A form of civil government in which God himself is recognized as the head. The laws of the commonwealth are the commandments of God, and they are promulgated and expounded by the accredited representatives of the invisible Deity, real or supposed-generally a priesthood. Thus in a theocracy civic duties and functions form a part of religion, implying the absorption of the State by the Church or at least the supremacy of the latter over the State.
The earliest recorded use of the term "theocracy" is found in Josephus, who apparently coins it in explaining to Gentile readers the organization of the Jewish commonwealth of his time. Contrasting this with other forms of government-monarchies, oligarchies, and republics-he adds: "Our legislator [Moses] had no regard to any of these forms, but he ordained our government to be what by a strained expression, may be termed a theocracy [theokratian], by ascribing the power and authority to God, and by persuading all the people to have a regard to him as the author of all good things" (Against Apion, book II, 16). In this connection Josephus enters into a long and rather rambling discussion of the topic, but the entire passage is instructive.
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The bearing of these passages on the historic institution of the theocracy varies in the estimation of different scholars according to the date assigned by them to the sources to which the passages belong. Wellhausen and his school, chiefly on a priori grounds, consider them a retouches of the post-exilic period, but it is far more probable that they form a part of a much older tradition, and indicate that a belief in the Lord's kingship over the Chosen People existed prior to the establishment of the earthly monarchy. At the same time, there is no sufficient warrant for assuming on the authority of these texts that the theocratic rule in Israel came to an end with the inauguration of the monarchy, as is plain from the narration of the Lord's covenant with King David and his descendants (2 Samuel 7:1-17). According to the terms of this covenant the earthly monarch remains under the control of the heavenly King, and is constituted His vicegerent and representative. And this direct dependence of the king on the Lord for wisdom and guidance is assumed throughout the historical records of the Hebrew monarchy. The supreme test of the worthiness of any king to occupy his exalted position is his fidelity to the Lord and His revealed law. The historical books, and still more the writings of the prophets, voice the constant belief that God exercised a special and efficient rule over Israel by blessings, punishments, and deliverances. In the post-exilic period the hierocratic rule became the dominant feature of the Jewish theocracy, and, in spite of its limitations and perversions, it prepared, according to the designs of a wise Providence, the way for the New Dispensation-the Kingdom of Heaven so often mentioned in the Gospels.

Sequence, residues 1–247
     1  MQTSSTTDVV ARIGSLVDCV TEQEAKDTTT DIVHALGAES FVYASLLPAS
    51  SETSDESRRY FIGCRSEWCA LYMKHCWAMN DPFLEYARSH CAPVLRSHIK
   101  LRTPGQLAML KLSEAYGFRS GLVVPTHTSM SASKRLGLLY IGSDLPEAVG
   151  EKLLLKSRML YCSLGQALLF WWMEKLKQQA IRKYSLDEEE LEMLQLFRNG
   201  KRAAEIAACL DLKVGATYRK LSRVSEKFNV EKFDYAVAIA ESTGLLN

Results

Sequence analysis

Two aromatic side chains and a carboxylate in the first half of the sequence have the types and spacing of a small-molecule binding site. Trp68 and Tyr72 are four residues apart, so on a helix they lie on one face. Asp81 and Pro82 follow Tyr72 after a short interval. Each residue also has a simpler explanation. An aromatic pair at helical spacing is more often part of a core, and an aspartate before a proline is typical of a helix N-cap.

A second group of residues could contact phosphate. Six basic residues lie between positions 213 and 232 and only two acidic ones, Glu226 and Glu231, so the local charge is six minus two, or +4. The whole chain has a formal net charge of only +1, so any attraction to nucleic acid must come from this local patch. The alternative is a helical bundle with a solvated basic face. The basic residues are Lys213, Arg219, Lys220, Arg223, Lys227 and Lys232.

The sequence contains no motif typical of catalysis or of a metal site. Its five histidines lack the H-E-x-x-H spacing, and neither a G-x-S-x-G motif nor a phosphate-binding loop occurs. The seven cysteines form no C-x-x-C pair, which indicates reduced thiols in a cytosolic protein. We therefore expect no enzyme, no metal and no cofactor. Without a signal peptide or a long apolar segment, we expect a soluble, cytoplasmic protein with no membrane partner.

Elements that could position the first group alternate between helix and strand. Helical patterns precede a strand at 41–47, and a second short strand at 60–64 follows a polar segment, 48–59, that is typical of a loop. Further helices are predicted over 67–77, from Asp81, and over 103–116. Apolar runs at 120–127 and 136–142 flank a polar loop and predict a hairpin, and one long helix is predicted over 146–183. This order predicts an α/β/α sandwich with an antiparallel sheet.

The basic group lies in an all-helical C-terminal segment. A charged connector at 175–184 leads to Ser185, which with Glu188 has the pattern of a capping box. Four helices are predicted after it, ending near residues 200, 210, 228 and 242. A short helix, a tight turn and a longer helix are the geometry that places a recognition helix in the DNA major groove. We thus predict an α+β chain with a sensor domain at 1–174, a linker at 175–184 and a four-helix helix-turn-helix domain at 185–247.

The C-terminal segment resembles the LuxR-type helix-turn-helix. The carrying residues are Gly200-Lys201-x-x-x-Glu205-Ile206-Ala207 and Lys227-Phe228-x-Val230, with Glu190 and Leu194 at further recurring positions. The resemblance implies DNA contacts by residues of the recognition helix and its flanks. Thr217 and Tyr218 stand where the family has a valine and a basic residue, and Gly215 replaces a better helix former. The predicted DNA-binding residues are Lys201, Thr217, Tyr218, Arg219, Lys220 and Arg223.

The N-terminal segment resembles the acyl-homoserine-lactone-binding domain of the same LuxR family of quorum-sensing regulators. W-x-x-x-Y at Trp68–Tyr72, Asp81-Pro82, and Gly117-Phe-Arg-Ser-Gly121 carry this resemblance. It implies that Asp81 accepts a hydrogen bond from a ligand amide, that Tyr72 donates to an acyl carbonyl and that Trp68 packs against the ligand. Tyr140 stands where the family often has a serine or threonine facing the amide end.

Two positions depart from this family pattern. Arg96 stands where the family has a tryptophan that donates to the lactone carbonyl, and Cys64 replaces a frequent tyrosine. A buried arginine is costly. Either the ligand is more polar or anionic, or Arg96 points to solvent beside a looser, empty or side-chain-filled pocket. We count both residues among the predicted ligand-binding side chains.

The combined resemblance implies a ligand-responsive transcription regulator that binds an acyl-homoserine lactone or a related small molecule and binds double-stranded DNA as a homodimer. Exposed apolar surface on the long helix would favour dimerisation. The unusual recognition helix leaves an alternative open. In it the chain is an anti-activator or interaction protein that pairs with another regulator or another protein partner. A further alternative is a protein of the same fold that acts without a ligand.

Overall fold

Publication information Written by James F. Driscoll. Transcribed by Herman F. Holbrook. Iesus Nazarenus Rex Iudaeorum The Catholic Encyclopedia, Volume XIV. Published 1912. New York: Robert Appleton Company. Nihil Obstat, July 1, 1912. Remy Lafort, S.T.D., Censor. Imprimatur. +John Cardinal Farley, Archbishop of New York
VIGOUROUX, Dictionnaire de la Bible, s.v.
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